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BNP teacher case postponed over fears of violence

Police warn religious intolerance GTC disciplinary could create public order problems

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Police warn religious intolerance GTC disciplinary could create public order problems

The General Teaching Council (GTC) has been forced to postpone a highly charged case against a teacher who is a member of the British National Party (BNP) over police fears that it will lead to clashes between protesters.

Adam Walker could become the first teacher to be struck off for religious intolerance after being accused of posting anti-Muslim comments on the internet while using a school laptop.

But his hearing, which was due to start in Birmingham this week, has been put back after West Midlands police warned it could lead to "public order" problems.

This follows violent clashes in Birmingham city centre earlier this month between the right-wing English Defence League and anti-fascist campaigners, leading to 90 arrests.

Mr Walker, who resigned from Houghton Kepier Sports College at Houghton- le-Spring, near Sunderland, in 2007, has been charged with unacceptable professional conduct. He has previously admitted posting criticisms of immigrants and Muslims, but claims he has been victimised for his political affiliations.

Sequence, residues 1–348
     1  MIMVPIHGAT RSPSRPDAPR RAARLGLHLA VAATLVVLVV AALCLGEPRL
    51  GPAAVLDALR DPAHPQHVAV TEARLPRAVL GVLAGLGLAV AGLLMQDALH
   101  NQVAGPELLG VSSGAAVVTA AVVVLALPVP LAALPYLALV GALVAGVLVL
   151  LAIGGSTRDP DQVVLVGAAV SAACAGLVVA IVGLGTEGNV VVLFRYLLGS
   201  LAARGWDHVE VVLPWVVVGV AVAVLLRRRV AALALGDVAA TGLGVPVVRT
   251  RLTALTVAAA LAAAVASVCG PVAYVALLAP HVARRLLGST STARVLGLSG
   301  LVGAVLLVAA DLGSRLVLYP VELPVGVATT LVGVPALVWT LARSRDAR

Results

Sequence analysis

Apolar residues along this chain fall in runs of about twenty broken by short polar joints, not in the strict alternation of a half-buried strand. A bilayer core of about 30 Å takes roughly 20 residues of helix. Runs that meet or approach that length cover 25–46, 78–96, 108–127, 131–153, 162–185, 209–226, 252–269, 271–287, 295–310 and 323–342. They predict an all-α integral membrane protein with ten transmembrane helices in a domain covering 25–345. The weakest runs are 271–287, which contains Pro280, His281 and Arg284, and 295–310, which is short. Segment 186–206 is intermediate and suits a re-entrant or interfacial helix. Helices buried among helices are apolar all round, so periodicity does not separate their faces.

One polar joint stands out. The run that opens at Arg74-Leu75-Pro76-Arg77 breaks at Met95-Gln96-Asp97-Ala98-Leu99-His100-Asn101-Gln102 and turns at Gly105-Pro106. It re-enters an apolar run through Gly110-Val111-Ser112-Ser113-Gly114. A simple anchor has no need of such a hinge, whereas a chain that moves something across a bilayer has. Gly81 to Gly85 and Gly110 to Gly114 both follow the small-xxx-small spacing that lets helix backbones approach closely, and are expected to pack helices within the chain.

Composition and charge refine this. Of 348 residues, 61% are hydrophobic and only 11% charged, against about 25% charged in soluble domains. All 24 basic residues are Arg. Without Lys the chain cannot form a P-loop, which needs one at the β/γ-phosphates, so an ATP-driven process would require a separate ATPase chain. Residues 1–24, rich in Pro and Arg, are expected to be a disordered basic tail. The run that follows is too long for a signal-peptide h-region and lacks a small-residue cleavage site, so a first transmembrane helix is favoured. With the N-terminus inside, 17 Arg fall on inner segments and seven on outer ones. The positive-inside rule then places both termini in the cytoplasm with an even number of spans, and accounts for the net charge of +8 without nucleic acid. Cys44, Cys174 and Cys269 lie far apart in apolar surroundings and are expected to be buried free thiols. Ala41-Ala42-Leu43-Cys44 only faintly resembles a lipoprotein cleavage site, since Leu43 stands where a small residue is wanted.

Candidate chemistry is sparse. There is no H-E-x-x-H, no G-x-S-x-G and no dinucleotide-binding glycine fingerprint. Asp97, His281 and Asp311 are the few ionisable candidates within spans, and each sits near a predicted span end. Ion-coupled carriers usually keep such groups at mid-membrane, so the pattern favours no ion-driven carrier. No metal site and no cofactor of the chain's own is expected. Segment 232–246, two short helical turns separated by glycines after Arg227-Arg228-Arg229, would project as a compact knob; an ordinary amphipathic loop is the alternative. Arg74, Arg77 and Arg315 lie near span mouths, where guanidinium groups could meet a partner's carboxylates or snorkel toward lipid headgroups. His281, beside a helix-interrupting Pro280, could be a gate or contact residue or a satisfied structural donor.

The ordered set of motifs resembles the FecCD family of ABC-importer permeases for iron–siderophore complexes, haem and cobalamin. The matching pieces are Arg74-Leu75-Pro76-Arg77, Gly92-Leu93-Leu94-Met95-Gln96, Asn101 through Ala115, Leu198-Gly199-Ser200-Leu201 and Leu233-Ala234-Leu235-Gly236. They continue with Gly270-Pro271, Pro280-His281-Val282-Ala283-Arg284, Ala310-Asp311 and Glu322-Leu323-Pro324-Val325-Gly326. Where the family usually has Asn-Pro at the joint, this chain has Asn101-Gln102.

Nick Griffin, leader of the BNP, protested outside one of Mr Walker's earlier hearings in November last year, describing proceedings as "farcical" and a "politically motivated show trial".

Mr Walker used a loudhailer to tell supporters: "It's absolutely disgusting that I am being hauled over the coals by the GTC because of my political beliefs. There's a word called love, but if you love your country, you are a racist in this day and age, and that is wrong."

Fearing that organised protests would escalate, West Midlands police urged the GTC to postpone the hearing to a date "when local community tensions have subsided".

The teaching council agreed that the concerns were serious enough to reschedule the case, but it had not been possible to find an alternative venue. It also raised concerns about the length of time it is taking to deal with the case, which had its first hearing last September.

Mr Walker had the case put back earlier this year when he won a fight to have Judy Moorhouse, the then chair of the GTC, removed from his disciplinary panel after he claimed that, as a known critic of the BNP, she would be biased.

Publishing its decision to postpone this week, the GTC said community tensions may persist in Birmingham for some time but that it would reschedule as a "matter of urgency".

A spokesman for West Midlands police said: "Previous hearings have attracted supporters of Mr Walker and counter-protesters, and incidents of disorder have followed. Concerns over the timing and venue meant a postponement was the best option to ensure public safety.

"We acknowledge the committee's concern that the matter should be expedited as soon as possible."

Chris Keates, general secretary of teaching union the NASUWT, said the time and money spent on the case would be unnecessary if the GTC banned BNP members from being teachers.

"The time the case has taken has not been caused by prevarication by the GTC, but by BNP members trying to milk the system to promote themselves and their organisation," she said.

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